Golden era for Irish agrifood
Top food industry executives, banking strategists, and farming interests are gathered in Dublin today to explore sustainable investment options for the future growth and development of Ireland’s Agrifood industry.
The AgriFood Business Partners Conference is designed to frame a medium-term approach to sustainable investment in the Irish agri-food sector up to 2020. More than 400 delegates attended the event.
Speaking at the event, Cathal Fitzgerald, finance director of AgriFood Business Partners, said: “The growth potential forecast in various commentaries can have an extremely beneficial effect on Ireland’s economic growth, rural development, employment levels and national balance of payments, if managed correctly. However, if mismanaged it could lead to unrealistic expectations at market, primary producer and financial institution levels with Ireland not fully exploiting this wonderful opportunity.”
According to the organisers, the Agrifood industry is critically important as a domestic driver of economic growth. “It provides primary employment for 170,000 people or 8.8 per cent of Irish employment. There are 140,000 family farms with gross output of €7bn and 1,200 companies in the sector with a turnover of some €26bn. These companies spend 74 per cent of their input requirements on Irish sourced inputs compared to 40 per cent generally by manufacturing companies overall. Food and drink exports have increased by 40 per cent since 2009 to €10bn last year with 42 per cent of Irish exports going to the UK, 32p per cent to the EU and 26 per cent worldwide.”
Agrifood, fisheries and forestry represent Ireland’s largest indigenous industry and have a key role to play in Ireland’s economic recovery. This is acknowledged in the Government’s Food Harvest 2020 strategy which has set aggressive growth targets by 2020, it added.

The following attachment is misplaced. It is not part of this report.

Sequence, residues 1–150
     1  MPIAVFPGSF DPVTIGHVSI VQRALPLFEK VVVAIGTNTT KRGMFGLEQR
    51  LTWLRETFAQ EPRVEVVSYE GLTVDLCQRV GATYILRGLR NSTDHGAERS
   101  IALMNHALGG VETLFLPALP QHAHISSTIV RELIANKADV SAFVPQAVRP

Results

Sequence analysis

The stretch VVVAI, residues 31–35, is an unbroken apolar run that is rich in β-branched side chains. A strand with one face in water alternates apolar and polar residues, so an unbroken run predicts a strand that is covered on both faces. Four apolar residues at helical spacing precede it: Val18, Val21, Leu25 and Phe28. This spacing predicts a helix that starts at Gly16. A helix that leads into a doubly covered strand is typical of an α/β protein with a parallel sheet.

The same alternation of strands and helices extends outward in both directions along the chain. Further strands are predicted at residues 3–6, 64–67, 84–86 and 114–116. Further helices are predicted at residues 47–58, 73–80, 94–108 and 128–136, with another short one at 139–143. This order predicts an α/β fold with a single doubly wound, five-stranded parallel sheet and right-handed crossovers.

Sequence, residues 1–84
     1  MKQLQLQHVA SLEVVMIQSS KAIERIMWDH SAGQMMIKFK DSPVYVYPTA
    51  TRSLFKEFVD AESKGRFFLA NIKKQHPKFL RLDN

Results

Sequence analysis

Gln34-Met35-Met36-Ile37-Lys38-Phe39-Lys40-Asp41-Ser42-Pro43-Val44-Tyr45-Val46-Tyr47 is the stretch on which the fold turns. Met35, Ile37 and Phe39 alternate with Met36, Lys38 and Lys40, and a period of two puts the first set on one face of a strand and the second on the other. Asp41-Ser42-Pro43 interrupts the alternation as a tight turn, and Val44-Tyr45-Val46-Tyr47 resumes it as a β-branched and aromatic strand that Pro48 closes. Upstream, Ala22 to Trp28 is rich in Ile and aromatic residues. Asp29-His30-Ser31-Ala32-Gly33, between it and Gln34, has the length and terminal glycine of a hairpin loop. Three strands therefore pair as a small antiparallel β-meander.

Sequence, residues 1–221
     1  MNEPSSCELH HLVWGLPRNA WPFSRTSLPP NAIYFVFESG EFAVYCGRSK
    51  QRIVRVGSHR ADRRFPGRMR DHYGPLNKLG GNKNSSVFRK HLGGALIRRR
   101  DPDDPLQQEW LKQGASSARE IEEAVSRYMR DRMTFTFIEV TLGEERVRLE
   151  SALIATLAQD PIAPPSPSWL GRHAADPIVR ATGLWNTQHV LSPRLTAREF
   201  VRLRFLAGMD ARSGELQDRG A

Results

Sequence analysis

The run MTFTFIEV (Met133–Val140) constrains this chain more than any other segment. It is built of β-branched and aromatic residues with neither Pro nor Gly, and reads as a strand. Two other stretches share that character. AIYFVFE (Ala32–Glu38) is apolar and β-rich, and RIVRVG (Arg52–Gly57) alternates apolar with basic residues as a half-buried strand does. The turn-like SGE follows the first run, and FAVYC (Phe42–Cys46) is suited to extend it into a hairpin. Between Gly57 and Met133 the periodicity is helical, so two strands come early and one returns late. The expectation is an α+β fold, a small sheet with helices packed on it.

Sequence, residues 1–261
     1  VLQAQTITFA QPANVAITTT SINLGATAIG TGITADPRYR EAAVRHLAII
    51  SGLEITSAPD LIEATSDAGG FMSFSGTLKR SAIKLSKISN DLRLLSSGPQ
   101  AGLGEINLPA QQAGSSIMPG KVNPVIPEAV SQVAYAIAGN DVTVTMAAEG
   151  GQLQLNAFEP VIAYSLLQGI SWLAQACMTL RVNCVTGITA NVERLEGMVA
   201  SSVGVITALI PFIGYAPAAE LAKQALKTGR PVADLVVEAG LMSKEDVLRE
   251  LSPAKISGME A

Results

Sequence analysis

“The value of primary output is targeted to increase by €1.5bn with value added outputs to increase by €3bn and exports overall targeted to increase to €12bn.
It is envisaged the growth agenda will be delivered across the key sectors: dairy, meat and livestock (beef, lamb, pigs, poultry), prepared ready meals, beverages, seafood, edible horticulture and cereals.
According to the organisers, Bord Bia is targeting a 50 per cent increase in output with the abolition of milk quotas in 2015 and the expectation that Ireland’s perceived competitive advantage in pasture based production can be profitably exploited.
“It is anticipated that the pasture based model, also the norm for both beef (and sheep), offers the potential for Irish in-market product differentiation based on genuine green credentials.”
“Long-term assets are required for long term resource development,” stressed Fitzgerald of AgriFood Business Partners. “Working capital sources are needed that reflect the risk nature of the sector and provide solutions for extended credit, taking into account the seasonality of production and product maturation.
“The investment required to deliver this growth potential is substantial at every level of the value chain. Farm debt directly related to farming activities is currently estimated at €1.9bn (Teagasc National Farm Survey, 2011), while total family farm debt is of the order of €4bn. This is against a background where financial markets, post the debt crisis, are less liquid and are much more risk adverse. There are also examples in the agri-sector where the financial markets are dysfunctional.
“There is a necessity to ensure that the mistakes made in the pre-crash celtic Tiger boom are not repeated in the agri-food sector as expansion gathers pace. Ireland must increasingly compete in the global marketplace where every facet of competitiveness – from land cost to manufacturing and marketing efficiency – are critical to sustainable investment and development,” he added.
More reports from the AgriFood Business Partners Conference to follow